My San Antonio
As a child growing up on the West Side, Robert Ramirez always was warned to stay away from nearby creeks: They were just too dangerous, adults told him.
Decades later, Ramirez stood alongside those banks he was told not to frequent and saw a very different vision for their future.
“I'll match this part of the Zarzamora and Apache creeks against any other creek and any other part of the river in the county,” said Ramirez, co-chairman of the San Antonio River Authority's Westside Creeks Restoration Oversight Committee.
“It's been a hidden jewel,” he said.
Ramirez was among those gathered Wednesday afternoon beside Zarzamora Creek, just before it meets Apache Creek, for the groundbreaking of a linear park and revitalization project, spearheaded by the San Antonio Alternative Housing Corp.
“This, to me, is a sanctuary,” said Rod Radle, the housing organization's executive director. “It's one that's not utilized.”
This might be one of the last places someone would look for wildlife — in the middle of a highly urban area just north of Our Lady of the Lake University, where the creek is hidden among houses, a warehouse and an apartment complex.
But by springtime, this back alley will be transformed into a greenbelt that runs 8/10 mile, from General McMullen to West Commerce Street and Elmendorf Lake.
Six large bridges will span existing drainage areas that run the length of the greenbelt. The park will include two trails: a 6-foot-wide concrete path, for strollers and the wheelchair-bound; and the other, a 4-foot-wide crushed-granite trail for joggers.
Exercise stations also will be included, in addition to benches.
More trees will be planted; and, unlike some city parks, the lights will remain ablaze all night. Parks and Recreation will patrol and maintain the park, Radle said.
The project was paid for with money accumulated from a Tax Increment Reinvestment Zone, attached to another San Antonio Alternative Housing initiative, the Rosedale affordable housing development. The river authority also provided finishing funds for the project.
The park is scheduled to open in late March or early April.
Radle and other volunteers already have started clearing out much of the brush and trash from the area. But plastic soda bottles, egg containers and even mattresses still litter the ground.
Despite the trash, the creek already is an impressive expanse, stretching 50 feet across in some places, lush with plant life like rain lilies, its gently flowing waters shaded by large, overhanging trees.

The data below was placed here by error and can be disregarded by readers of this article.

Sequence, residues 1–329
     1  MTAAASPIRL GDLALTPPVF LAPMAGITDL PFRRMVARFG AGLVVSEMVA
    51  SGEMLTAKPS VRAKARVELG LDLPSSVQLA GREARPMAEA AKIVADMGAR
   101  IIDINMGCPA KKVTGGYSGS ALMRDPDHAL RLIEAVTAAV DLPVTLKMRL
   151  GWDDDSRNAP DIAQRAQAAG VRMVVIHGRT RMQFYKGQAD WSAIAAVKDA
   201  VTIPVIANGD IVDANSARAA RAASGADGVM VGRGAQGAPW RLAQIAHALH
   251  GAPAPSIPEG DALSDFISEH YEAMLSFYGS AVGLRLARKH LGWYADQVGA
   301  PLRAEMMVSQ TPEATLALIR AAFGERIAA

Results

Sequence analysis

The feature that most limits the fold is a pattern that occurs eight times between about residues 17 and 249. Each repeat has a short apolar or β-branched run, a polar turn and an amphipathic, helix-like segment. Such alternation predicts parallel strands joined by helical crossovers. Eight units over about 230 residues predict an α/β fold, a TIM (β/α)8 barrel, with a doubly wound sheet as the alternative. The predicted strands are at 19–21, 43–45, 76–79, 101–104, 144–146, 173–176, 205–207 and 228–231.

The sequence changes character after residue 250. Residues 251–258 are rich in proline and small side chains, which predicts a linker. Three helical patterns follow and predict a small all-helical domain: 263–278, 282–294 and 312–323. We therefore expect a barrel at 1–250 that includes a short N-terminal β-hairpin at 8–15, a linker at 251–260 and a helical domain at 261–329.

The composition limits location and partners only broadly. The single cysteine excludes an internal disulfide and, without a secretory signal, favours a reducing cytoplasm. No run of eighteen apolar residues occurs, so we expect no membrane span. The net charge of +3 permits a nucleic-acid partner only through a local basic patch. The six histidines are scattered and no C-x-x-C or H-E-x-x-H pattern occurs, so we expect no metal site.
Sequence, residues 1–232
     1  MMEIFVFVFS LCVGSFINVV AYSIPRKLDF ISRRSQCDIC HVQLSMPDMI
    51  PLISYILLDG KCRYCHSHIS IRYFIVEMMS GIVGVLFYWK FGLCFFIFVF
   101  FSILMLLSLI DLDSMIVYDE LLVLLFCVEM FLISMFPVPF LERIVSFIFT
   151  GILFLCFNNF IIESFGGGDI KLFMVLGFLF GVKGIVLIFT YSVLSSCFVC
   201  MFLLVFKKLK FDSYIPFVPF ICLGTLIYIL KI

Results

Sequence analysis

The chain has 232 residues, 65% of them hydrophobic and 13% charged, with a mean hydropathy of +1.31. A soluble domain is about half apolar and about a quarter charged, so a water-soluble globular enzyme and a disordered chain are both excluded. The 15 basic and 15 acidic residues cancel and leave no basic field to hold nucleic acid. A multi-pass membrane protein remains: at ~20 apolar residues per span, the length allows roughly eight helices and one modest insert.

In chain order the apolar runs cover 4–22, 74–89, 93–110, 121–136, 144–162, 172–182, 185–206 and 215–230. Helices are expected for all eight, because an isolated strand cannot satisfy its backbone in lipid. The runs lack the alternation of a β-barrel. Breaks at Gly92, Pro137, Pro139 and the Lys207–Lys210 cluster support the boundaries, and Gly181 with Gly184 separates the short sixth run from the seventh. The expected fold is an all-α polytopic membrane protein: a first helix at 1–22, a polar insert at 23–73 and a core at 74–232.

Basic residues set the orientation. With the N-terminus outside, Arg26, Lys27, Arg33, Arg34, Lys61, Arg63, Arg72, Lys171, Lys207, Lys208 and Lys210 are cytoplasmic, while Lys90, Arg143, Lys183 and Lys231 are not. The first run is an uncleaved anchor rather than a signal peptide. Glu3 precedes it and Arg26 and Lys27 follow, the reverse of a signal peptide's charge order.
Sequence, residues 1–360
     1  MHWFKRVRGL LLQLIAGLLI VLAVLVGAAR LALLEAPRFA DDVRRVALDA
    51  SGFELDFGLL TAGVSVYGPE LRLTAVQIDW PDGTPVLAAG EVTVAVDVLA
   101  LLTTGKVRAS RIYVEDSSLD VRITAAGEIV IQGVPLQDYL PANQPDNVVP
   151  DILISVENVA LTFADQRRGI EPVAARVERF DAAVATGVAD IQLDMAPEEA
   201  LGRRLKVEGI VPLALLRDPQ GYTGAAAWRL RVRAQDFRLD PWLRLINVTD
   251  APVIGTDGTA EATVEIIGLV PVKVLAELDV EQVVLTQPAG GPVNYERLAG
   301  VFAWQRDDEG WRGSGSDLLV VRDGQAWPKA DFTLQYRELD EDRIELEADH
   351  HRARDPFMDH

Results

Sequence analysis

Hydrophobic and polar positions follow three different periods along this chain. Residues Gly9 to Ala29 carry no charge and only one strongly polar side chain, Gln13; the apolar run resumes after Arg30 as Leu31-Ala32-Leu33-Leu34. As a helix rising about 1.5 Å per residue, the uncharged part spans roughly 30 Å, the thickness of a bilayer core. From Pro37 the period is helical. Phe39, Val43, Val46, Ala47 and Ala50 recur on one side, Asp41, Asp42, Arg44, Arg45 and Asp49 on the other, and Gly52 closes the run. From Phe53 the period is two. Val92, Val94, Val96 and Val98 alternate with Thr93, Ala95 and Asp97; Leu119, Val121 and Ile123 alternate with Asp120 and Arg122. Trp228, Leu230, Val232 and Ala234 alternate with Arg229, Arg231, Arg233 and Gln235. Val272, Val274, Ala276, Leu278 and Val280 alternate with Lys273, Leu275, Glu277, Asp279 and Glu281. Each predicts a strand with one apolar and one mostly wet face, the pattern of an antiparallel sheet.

On Wednesday, egrets swooped above the water's surface, behind a tent set up for the groundbreaking. Radle already has spotted a turtle laying eggs in the creek's muddy banks.
“I feel inspired,” said Roberto Rodriguez, secretary of the SARA board and its District 2 representative. “Look at this.”
He raised his arms up and pointed to a large nest in a tree overlooking Zarzamora Creek.
Revitalization of West Side creeks long has been of a dream of Rodriguez, a vision that was, until recently, largely ignored.
The West Side soon may reap the benefits of good timing: last year, the SARA launched its Westside Creeks project, an effort to revitalize the Alazan, Apache, San Pedro and Martinez creeks.
That project still is in the planning stages, but the San Antonio Alternative Housing creek project falls within its boundaries and serves as a good pilot project for future development, said Rudy Farias, SARA water resource and community development manager.
Former Mayor Howard Peak, on hand for the groundbreaking, has championed creation of such hike trails through the Linear Creekway Parks Advisory Board, which he chairs.
Bexar County, in conjunction with the city, also has stepped up efforts to improve nearby Elmendorf Lake and its adjoining park near OLLU.
The time is now, many said Wednesday, to finally make something happen.
“We want a rebirth of the waterways on the West Side so they become a center of community activity, and enhance San Antonio apartments and housing,” Bexar County Commissioner Paul Elizondo said.